“The kanji (Chinese character) that is used in the title of his book, Asking Your Body (2002), represents Noguchi’s essential idea of the human body. The Japanese word for “asking” is “kiku,” but the written letter he applies for this verb is very old, which originally coming from the ancient Chinese inscriptions on animal bones, and is rarely used in modern Japan. According to the note Noguchi gives in choosing this specific ideogram in his title, it originally signifies the action of asking the god, using the sacred treasures and ritual utensils. As for Noguchi, the human body is synonymous with the “nature” and the “god.” He claims that his method is about the conscious self asking his/her body=the nature= the god. Asking your body is asking your god what is best for you. You would receive an answer from your god about the best movement that would be effective and helpful for you. The word “body” could be replaced by “mind” and they are interchangeable (Noguchi 2002, p.7), advocates Noguchi. He emphasizes the harmony of body and mind, and warns the danger of putting strong will, conscious effort and forceful tension in training your muscles. He argues it is the act “against the philosophy of nature” and to “ignore the god of nature,” which is sure to be harmful for human beings who are the part of nature. Body is the great heritage from your ancestors and body is a special work of the god’s creation, in which the god concretely represents miracles of natural order (Noguchi 2002, p. 83).  To believe in the messages your body conveys to you and to find the words that would apply to those messages is Noguchi’s method of gymnastics, which was innovative in the world of the gymnastics back in the 1970s.” (5)

Going further into this idea that our bodies are part of this ancient heritage of the earth, a contemporary of Noguchi and Hijikata, Shigeo Miki,  an anatomist greatly influenced by the morphology of Goethe, traced the evolutionary process of humans to plants in a type of “Life memory”. (6) He explains that some of the internal systems of the body behave in a similar way to plants, such as the circulatory, respiratory, or reproductive systems.  Mikami Kayo, a butoh dancer and scholar, explains how Noguchi and Miki’s ideas influenced butoh:
“Miki sees the vestige of an ancient fish on the faces of 36 week-old fetuses and seeks the ‘metamorphosis’ of a ‘life memory’ of 3.8 billion years in this “primordial figure”. This idea becomes grounds for the metamorphosis of 21st century Butoh, through the “release work” of Noguchi Taiso. This work can, by relaxing the boundaries of our physical being, allow us to listen to our visceral internal voice because we have experienced the passing of time known to rocks and plants. It can enable us to become our original fundamental selves through directly reconnecting with the power of the universal rhythms of the meditative womb state”. (4) MIKAMI Kayo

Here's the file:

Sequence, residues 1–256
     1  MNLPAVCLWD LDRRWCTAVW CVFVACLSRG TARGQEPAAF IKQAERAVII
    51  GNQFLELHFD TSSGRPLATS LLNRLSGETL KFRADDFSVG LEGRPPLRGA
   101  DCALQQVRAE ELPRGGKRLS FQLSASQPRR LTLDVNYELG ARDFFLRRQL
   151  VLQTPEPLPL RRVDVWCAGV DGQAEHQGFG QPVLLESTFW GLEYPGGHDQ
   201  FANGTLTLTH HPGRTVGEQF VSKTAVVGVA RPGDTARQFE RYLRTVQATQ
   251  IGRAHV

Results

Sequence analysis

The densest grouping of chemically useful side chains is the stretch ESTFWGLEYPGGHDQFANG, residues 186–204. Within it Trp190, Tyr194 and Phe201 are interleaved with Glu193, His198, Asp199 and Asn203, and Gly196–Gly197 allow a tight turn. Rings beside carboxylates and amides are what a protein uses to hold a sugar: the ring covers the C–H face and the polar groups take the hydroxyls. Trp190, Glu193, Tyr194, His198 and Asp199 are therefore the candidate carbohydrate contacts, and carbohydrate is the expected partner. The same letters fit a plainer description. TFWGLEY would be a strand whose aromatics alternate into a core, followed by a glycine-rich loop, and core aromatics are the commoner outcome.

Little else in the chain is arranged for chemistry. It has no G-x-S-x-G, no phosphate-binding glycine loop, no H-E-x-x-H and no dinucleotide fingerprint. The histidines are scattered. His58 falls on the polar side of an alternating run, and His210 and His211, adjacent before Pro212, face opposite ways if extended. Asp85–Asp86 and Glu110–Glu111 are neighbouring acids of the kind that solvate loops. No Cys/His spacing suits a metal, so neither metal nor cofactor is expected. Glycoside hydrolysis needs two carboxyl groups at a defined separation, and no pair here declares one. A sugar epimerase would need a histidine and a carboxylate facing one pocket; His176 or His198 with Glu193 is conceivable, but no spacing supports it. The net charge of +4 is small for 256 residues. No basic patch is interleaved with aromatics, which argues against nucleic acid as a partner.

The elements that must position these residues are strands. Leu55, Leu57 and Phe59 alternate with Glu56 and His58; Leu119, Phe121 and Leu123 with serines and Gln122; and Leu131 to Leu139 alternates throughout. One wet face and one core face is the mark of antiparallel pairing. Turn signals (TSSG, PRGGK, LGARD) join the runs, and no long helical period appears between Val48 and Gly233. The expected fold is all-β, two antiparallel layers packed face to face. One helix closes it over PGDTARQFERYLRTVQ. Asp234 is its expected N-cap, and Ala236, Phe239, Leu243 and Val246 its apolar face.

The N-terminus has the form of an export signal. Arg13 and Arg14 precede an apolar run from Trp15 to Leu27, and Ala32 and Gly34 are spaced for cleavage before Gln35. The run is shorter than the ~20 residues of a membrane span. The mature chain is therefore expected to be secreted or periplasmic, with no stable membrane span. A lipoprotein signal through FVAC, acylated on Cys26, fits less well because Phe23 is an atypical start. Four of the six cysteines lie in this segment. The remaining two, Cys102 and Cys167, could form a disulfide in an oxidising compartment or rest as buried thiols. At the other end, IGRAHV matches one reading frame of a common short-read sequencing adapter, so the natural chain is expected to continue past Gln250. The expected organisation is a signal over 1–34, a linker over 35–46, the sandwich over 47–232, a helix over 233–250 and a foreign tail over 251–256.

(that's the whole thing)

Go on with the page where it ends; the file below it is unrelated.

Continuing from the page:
This idea of asking and communicating with God also reflects my experience of being a Zen monk doing zazen meditation and internal energy work.  One gradually develops a wholesale relationship with guidance from the universe or God or nature, rather than needing a system or philosophy or even eventually a teacher.  This experience develops uniquely creative people. One feels continually led by the universe, our very own bodies, in our every day lives.

Mikami Kayo

A quote by founder Michizo Noguchi:

“I define Noguchi Taiso as a creation of one’s new self as nature within us. Noguchi Taiso draws from a natural force that exists in our body and that is expressed through and with the natural materials that our bodies are made of. Taiso = Gymnastics is a way of exploring HUMANITY. My whole being is laboratory (atelier), research material (canvas) and scholar (artist).” (7)

Thank you so much for reading.  I hope you enjoyed this topic as much as my wife and I did.  Please share this if you like.

1: Itto Morita http://www.ne.jp/asahi/butoh/itto/butoh-memorandums.htm

2: https://noduslabs.com/courses/8os-bodymind-operating-system-learning-to-modulate-conflict-dynamics/units/session-2-conflict-modulation-techniques/page/3/?try

3: https://rolfresearchfoundation.org/about/ida-p-rolf-quotations

4: http://www.kyoto-seika.ac.jp/researchlab/wp/wp-content/uploads/kiyo/pdf-data/sa31/mikami.pdf

(5) Noguchi,M (1979). Noguchi Taiso, Omosa ni Kiku. Noguchi physical exercise, ask the gravity.

(6) http://www.natureinterface.com/e/ni04/P030-033/

(7) https://www.ashevillebutoh.com/2018/02/07/noguchi-taiso-water-body-movement-with-mari-osanai/